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Diving into the Unknown – 5 amazing dive sites in Indonesia


Diving into the Unknown – 5 amazing dive sites in Indonesia 


If you like diving as much as we do, you probably have Indonesia high on your list of destinations to visit. Or if you have never tried diving before and want to find out what all the fuss is about then this article is for you. From sunken fighter planes to active volcanoes TripCanvas has listed 11 of the most unique dive sites that Indonesia has to offer. We have selected our favourite 5 to wet your diving appetite.

1. Into an Angry Active Volcano: Banua Wuhu


In Indonesia’s typically wild fashion, the country is home to one of the dive-able active volcanoes in the world. Yes, this volcano, called Mahengetang, is constantly releasing sulphur from the earth although it hasn’t officially erupted since more than 50 years ago. Mahengetang begins 400 metres below sea level and rises to just 8 metres below the surface.

Visitors, who reach the area by boat, can descend over the crater of the volcano, which is called Banua Wuhu. In crystal clear visibility, divers can explore pristine reefs with giant sponges and a plethora of marine life. Barracuda and mackerel flock to the area for the warm waters caused by the release of Earth’s gases. On occasion, divers can even hear the rumblings of moving earth far below. It’s imperative to exercise caution when swimming among the sulphuric bubbles. They are extremely hot and can easily burn your skin. Ask your dive operator for advice on which wet-suit is most appropriate for this type of environment.

Dive type: Pinnacle
Difficult elements: Not difficult, but be careful around sulphur bubbles as they can burn the skin
Required certification: Open Water
Level: Beginner
Max Depth: 19-21 metres
Average Visibility: 37-40 metres
Average Water Temperature: 37-38℃
Best Season: March to early November
Getting There: In order to reach Banua Wuhu, you must first fly to Manado in North Sulawesi. From Manado, if you intend to dive, you must join a liveaboard trip to Banua Wuhu. If you do not intend to dive, you can take the local ferry to Siau or Sangihe and then hire a speedboat to take you to the volcano.

2. Dive to the dark core of the earth: Kupang Freshwater Caves


This site is for fearless explorers in search of a thrilling adventure. In West Timor, Kupang City plays host to a series of caverns that are still being discovered. So far, two have been partially mapped: Crystal Cave and Oehani Cave. The caves constitute a labyrinth of freshwater diving. They stretch for an unknown number of miles beneath West Timor.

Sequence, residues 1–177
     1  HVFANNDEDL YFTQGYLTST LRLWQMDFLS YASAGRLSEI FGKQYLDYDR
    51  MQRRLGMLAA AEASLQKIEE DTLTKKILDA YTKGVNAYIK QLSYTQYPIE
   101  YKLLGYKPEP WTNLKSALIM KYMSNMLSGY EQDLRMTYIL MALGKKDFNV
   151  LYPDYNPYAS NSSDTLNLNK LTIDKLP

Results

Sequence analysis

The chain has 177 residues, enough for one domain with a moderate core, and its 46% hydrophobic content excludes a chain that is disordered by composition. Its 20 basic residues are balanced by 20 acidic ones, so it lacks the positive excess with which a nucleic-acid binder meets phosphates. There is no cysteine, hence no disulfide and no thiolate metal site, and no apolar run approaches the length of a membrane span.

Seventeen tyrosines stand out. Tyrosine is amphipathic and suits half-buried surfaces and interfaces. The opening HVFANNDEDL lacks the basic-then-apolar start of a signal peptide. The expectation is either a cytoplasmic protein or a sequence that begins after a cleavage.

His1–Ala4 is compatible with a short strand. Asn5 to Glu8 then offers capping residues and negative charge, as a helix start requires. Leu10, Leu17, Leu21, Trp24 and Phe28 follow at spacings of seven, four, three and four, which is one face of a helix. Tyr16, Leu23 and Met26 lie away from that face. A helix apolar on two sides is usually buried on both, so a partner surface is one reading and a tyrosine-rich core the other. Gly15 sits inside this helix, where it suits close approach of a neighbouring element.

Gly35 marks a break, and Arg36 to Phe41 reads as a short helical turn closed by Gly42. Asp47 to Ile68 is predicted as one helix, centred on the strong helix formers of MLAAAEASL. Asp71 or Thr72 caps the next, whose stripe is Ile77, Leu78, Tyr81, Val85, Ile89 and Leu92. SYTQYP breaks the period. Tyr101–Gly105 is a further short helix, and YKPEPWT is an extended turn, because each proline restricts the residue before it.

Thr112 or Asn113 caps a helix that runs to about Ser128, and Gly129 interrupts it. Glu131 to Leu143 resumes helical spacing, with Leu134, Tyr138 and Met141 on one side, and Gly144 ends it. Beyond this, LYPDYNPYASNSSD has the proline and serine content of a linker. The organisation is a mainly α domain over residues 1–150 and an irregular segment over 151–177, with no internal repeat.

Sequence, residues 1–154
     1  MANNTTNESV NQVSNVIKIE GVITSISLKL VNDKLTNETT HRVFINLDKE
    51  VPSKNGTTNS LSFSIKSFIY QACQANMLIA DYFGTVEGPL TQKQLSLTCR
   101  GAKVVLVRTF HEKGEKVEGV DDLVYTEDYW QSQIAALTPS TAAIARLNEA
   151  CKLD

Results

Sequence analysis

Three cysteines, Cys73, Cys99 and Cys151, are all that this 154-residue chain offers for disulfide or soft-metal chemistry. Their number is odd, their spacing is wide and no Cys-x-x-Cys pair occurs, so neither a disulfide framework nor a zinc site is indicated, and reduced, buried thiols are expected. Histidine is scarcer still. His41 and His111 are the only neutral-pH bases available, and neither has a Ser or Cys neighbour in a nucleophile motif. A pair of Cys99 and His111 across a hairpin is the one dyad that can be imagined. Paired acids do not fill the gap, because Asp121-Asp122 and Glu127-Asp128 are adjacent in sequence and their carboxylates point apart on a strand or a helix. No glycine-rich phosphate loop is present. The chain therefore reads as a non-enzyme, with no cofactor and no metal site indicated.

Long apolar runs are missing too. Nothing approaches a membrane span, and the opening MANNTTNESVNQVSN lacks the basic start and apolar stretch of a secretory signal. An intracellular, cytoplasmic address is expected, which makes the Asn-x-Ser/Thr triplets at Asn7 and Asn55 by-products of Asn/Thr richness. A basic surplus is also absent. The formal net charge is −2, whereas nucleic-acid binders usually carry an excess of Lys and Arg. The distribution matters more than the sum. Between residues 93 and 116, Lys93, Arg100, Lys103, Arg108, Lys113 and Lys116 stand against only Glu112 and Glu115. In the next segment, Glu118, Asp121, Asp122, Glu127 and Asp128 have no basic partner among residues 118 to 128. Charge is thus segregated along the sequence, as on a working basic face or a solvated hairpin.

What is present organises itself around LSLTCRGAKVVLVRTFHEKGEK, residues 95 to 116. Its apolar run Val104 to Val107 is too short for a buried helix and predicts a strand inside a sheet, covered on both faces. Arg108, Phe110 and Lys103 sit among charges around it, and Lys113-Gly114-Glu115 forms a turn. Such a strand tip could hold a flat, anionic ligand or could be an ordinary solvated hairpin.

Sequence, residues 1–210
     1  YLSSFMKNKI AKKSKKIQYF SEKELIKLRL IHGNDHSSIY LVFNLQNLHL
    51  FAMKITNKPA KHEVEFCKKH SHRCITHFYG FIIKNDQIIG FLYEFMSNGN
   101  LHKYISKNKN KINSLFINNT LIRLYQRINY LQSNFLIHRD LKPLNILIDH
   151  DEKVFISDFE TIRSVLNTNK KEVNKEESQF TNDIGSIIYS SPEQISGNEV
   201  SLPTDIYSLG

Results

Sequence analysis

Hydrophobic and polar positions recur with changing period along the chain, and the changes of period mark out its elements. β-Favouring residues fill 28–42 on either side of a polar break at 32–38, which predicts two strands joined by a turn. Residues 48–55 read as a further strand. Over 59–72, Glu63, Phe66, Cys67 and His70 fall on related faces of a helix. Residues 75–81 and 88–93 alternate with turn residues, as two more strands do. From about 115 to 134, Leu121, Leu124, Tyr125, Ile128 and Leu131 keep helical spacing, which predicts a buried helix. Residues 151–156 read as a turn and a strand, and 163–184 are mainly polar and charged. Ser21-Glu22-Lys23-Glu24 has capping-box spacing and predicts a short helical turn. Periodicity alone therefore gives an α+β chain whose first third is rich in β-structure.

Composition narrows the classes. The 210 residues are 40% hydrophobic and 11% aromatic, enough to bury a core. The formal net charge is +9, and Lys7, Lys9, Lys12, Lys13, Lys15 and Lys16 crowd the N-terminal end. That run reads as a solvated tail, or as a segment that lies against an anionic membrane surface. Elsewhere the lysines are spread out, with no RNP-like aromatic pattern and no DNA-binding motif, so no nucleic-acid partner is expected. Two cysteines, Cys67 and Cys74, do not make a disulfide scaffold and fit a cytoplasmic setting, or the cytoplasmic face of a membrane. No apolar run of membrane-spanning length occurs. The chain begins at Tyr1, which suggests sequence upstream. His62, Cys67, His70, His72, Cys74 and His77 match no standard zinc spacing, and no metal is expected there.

Stalactites and walls of fossilised shells adorn the caves. Occasionally, ancient skeletons can be found on the floor of the site. Crystal clear visibility means divers can see everything their light touches. Without a light, pure darkness descends. Here in these caves, divers can experience a total blackness that is unknown in most other parts of the living world.

However, this dive is not a walk in the park and should be attempted only by divers trained in cavern diving. Haloclines and thermoclines give advanced divers enough challenge to stay interested, not to mention the fact that they are often exploring unknown territory. Luckily, there are air chambers scattered throughout the caves to give divers a bit of rest.

Dive type: Cave
Difficult elements: Confined spaces (buoyancy); Thermoclines
Required certification: Cavern Diver
Level: Advanced
Max Depth: 28 metres
Average Visibility: >30 metres
Average Water Temperature: 26-28℃
Best Season: March to October
Getting There:
1. Your journey begins by flying to El Tari Airport in Kupang. If you wish to dive in the caves, head to the Dive Kupang Dive (address below).
2. If you simply want to visit the caves, hiring a local guide is a good idea as they can be difficult to locate and dangerous to explore. (Getting to the cave: 1. From the town, head towards Bolok ferry port. 2. Stop at Boloair police station 3. There will usually be people manning the parking area and offering guides)

3. Swim with a Sea Monster: Crystal Bay


From August to October, Crystal Bay in Nusa Penida is Indonesia’s premier destination for seeking out the Bali Sunfish or Mola Mola, which is one of the 5 creatures you won’t believe exist in Bali.